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The End of Certainty Hardcover – Aug 17 1997


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Product Details

  • Hardcover: 240 pages
  • Publisher: Free Press; Free Press ed edition (Aug. 17 1997)
  • Language: English
  • ISBN-10: 0684837056
  • ISBN-13: 978-0684837055
  • Product Dimensions: 22.7 x 14.6 x 2.4 cm
  • Shipping Weight: 340 g
  • Average Customer Review: 4.5 out of 5 stars  See all reviews (13 customer reviews)
  • Amazon Bestsellers Rank: #228,862 in Books (See Top 100 in Books)
  • See Complete Table of Contents


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Is the universe ruled by deterministic laws? Read the first page
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2 of 3 people found the following review helpful By Juan R. Gonzalez-Alvarez on Aug. 13 2003
Format: Hardcover
I did buy this book some time ago and then I was fascinated. I studied the basis of his theory, but unfortunately, Prigogine passed away recently, before I can discuss with he some topics in more detail.
The greater part of the book is written in a natural style, but some sections are highly mathematical even for the majority of scientists! This mathematical presentation has a curious explaining. There are several version of Prigogine's theory, but the first versions had been "abandoned", and then Prigogine details the new approach: "Star-unitary theory for LPS outside of Hilbert space".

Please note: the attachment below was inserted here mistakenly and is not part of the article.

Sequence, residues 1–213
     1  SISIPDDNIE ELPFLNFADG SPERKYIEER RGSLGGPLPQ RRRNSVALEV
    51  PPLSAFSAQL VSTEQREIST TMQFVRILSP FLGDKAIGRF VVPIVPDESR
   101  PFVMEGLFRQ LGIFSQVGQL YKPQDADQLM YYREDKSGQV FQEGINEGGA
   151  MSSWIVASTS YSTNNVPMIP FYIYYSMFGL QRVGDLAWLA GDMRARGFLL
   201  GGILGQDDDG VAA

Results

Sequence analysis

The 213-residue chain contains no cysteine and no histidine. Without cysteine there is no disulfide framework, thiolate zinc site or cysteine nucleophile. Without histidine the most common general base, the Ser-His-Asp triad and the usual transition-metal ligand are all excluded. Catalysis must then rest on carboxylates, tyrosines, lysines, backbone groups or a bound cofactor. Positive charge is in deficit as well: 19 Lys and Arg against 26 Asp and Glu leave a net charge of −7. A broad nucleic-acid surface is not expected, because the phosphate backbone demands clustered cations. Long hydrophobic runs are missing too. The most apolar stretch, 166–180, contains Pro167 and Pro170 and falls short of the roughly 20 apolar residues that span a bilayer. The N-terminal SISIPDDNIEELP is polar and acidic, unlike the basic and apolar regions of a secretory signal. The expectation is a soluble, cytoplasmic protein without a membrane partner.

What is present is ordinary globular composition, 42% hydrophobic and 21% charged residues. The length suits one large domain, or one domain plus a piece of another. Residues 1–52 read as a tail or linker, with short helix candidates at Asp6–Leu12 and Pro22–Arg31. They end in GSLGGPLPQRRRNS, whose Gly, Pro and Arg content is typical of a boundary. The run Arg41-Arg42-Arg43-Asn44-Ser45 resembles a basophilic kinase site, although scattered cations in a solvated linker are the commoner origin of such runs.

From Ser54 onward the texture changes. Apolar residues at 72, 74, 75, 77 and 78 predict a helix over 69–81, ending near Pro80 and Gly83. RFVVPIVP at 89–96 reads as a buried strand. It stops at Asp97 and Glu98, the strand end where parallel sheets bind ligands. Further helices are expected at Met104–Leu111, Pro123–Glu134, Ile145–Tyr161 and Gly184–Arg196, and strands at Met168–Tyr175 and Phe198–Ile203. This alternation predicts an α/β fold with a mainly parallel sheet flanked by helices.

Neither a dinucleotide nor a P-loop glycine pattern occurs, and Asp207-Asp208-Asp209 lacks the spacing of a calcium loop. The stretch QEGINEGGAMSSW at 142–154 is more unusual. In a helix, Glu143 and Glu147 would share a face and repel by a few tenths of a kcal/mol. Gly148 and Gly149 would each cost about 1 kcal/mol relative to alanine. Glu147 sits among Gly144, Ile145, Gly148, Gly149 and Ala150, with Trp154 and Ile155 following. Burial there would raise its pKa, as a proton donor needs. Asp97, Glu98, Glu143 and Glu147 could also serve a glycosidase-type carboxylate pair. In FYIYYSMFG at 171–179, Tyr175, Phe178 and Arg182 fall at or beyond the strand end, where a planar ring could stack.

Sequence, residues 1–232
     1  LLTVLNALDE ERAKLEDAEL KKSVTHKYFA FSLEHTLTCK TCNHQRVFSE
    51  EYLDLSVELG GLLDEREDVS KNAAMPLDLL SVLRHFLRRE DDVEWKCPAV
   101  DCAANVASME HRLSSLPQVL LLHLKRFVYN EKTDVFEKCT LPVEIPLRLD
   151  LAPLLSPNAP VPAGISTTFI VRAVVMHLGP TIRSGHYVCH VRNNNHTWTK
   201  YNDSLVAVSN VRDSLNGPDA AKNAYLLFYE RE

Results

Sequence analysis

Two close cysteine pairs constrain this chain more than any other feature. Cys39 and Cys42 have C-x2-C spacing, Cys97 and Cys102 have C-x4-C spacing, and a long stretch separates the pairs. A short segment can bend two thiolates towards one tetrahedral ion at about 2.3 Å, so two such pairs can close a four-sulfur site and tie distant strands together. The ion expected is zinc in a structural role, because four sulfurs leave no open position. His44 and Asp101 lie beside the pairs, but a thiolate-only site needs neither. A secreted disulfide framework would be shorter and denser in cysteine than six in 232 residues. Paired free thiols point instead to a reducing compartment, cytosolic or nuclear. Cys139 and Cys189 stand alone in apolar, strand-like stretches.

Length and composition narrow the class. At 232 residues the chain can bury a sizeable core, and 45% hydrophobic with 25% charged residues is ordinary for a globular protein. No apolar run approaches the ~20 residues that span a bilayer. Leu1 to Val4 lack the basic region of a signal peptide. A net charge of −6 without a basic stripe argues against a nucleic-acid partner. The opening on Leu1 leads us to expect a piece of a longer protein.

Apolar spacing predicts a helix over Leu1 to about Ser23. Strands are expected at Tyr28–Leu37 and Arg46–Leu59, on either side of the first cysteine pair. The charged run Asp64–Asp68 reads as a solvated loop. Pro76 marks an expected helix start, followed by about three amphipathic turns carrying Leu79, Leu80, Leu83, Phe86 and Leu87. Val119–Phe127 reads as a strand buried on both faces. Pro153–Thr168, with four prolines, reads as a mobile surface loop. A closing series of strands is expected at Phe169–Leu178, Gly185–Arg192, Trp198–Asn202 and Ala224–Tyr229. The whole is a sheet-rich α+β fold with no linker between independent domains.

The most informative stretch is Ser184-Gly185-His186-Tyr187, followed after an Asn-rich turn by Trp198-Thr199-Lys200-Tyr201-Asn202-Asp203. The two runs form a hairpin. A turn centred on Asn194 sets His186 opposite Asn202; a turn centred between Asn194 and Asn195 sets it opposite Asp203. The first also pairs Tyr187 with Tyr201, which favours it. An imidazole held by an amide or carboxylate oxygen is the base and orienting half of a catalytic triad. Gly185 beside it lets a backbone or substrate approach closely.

An earlier reviewer said that the book provides a solution to three of the most important problems in science: (1) Time's arrow. (2) The measurement problem in QM. (3) The existence of freewill. Precisely, I am working in those and other questions, and I do not believe that claim was completely correct (and perhaps Prigogine believed the same, because in his last communication, said me "The questions that you ask are very difficult."). In my opinion, the novel theory is conflictive both in mathematical and physical details, but I consider that, at least, the aim of the School is correct one. Irreversibility and uncertainty are two fundamental features of our universe. I see that orthodox physics (including particle physics and the so-called String-M theory) is incorrect and/or inapplicable. I believe that, whereas other "popular" books (The Quark and The Jaguar, The Elegant Universe, etc.) should be "relics" in 21st century physics, Prigogine's book will be then a basic work.
The contributions of Prigogine's physics to the understanding in other disciplines, as chemistry, are not clear.
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1 of 1 people found the following review helpful By Glenn L. E. May on Aug. 24 2007
Format: Hardcover